Inside the Council for National Policy

Partly because so little was known about CNP, the hubbub died down.

The CNP Against Liberalism

The CNP describes itself as a counterweight against liberal domination of the American agenda.

That countering is heavy and silent, in part because few people, outside its members, seem to know what the group is, what it does, how it raises money, and how interlocked it has become in the matrix of conservative activism.

Conservative, it clearly is.

Unlike other groups that meet in darkened chambers, the CNP doesn't seem to favor, as a matter of policy and choice of guests, one-worlders, secular humanists, or multicultural multilateralists.

According to one of its most prominent members (who asked that his name not be used), the CNP is simply and nothing but a self-selected, conservative counterweight to the influential center-left establishment.

Panel topics at this year's convention hew to the CNP's world view, but Baldwin, who wouldn't give specifics, said they reflected many different vantage points.

"We'll probably discuss some of the hot issues that are relevant today. The Middle East … We'll have a number of speakers from different perspectives. We're not of all one like mind when it comes to what's going on there."

He continued: "Worldwide terrorism. Campaign finance reform. Generally, we kind of mirror what's going on in society. We pride ourselves on being relevant and timely, so that members want to come to our meetings."

Still, the group's shadowy reputation deters some high-profile figures from speaking before it — those who directly influence policy.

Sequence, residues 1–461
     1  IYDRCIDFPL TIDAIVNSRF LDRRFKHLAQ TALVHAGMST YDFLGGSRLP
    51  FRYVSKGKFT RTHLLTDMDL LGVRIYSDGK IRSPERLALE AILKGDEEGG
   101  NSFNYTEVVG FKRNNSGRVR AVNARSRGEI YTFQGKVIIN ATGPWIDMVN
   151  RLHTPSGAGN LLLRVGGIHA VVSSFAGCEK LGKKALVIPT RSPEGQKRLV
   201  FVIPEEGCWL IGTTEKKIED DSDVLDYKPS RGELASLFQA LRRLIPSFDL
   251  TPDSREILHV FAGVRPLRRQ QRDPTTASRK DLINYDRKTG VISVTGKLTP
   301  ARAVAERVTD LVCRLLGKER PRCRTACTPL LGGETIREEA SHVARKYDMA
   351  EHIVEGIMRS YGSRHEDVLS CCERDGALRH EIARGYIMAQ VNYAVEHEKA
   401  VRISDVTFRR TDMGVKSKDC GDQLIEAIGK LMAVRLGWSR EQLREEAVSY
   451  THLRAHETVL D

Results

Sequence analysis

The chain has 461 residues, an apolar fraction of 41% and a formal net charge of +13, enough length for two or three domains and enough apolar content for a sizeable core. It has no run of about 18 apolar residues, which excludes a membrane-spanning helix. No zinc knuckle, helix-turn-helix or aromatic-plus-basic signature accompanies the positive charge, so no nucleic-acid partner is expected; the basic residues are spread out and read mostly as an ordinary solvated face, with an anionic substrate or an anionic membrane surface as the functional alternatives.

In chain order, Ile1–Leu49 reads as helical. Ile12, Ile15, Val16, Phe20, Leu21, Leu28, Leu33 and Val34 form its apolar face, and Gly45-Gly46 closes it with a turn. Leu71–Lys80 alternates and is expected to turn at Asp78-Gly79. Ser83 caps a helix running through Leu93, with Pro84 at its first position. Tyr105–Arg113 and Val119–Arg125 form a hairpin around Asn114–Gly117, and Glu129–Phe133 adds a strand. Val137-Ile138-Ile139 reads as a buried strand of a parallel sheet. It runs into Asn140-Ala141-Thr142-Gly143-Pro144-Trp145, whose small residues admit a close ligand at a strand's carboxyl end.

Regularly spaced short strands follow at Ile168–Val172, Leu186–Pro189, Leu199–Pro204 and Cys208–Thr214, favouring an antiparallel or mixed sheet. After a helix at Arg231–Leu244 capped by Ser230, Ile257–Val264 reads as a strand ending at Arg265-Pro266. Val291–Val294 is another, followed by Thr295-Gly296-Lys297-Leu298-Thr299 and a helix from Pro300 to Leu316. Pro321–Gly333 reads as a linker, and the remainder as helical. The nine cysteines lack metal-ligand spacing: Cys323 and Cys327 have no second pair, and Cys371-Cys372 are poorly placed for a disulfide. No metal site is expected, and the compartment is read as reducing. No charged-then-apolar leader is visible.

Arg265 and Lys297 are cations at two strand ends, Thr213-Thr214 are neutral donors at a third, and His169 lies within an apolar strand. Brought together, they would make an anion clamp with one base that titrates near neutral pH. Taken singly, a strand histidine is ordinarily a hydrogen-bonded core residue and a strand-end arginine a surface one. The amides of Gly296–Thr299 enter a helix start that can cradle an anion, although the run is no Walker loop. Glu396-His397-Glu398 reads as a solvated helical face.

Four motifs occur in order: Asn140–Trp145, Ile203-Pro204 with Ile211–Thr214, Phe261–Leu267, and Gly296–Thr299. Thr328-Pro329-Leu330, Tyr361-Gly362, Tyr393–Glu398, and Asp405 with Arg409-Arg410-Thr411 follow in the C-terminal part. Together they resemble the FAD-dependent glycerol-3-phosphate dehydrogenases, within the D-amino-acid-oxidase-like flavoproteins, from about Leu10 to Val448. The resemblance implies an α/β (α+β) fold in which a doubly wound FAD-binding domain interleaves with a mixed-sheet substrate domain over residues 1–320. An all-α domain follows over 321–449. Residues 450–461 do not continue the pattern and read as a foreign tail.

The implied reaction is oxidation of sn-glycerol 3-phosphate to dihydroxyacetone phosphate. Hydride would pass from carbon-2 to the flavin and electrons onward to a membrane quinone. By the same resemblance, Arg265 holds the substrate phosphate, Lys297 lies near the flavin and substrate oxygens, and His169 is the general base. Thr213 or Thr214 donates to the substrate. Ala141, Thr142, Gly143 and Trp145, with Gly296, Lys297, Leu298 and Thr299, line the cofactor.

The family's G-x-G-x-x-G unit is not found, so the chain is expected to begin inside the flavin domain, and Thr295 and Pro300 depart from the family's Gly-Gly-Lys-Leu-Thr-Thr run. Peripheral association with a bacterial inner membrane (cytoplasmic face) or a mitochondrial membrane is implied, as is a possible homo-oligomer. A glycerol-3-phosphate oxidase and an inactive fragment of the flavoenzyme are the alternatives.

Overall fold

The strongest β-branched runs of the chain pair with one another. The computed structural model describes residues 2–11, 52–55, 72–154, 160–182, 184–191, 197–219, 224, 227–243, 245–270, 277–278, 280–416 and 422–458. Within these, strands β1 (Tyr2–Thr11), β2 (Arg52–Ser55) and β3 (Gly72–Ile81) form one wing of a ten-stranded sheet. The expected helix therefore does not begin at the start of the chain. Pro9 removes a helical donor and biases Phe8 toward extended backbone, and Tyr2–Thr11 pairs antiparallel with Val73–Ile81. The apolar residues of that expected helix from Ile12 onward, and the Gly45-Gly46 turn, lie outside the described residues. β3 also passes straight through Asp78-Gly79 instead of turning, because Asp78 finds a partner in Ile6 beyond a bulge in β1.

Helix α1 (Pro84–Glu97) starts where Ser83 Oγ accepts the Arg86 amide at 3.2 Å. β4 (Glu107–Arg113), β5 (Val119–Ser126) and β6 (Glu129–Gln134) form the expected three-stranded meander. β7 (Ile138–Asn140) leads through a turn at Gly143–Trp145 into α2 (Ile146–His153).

For example: A knowledgeable person lists former CIA Director James Woolsey as a Friday night speaker and says that on Saturday, Reagan defense official Frank Gaffney will debate former presidential candidate Pat Buchanan about Israel.

The cavalcade of "formers" resembles nothing more formidable than a Fox News prime-time guest lineup.

In the 1990s, social issues tended to dominate the panels, and guests tended to be talking heads who were plugged in to policy circles, rather than operating from within them.

The concoction of federalism, economic growth, social traditionalism, religious activism and anti-secularism goes down well among members because it is spiced with disdain for a common enemy: the creeping influence of political and philosophical liberalism.

Many current and former members politely said they would prefer not to speak on the organization's behalf. Those who did respond to telephone and e-mail messages declined to talk about their interest in the organization. More than a dozen did not respond at all.

"Obviously, membership would imply that there is a commonality, so that goes without saying," said Alvin Williams, CEO of a political action committee that promotes black conservatives. "I don't think it is anything threatening at all."

He declined to elaborate.

Darla St. Martin, associate executive director of the National Right to Life, would only say, "Since everyone else is so skeptical [about speaking], I don't think I should."

Even Judicial Watch's Larry Klayman, the watchdog and open government proponent, would not comment, a spokesman said. His busy schedule — four depositions in two days — precluded a short telephone interview.

Gary Bauer, the former presidential candidate and ubiquitous media presence, asked a spokesman to decline a request for an interview about the CNP, citing the group's long-standing policy against press publicity.

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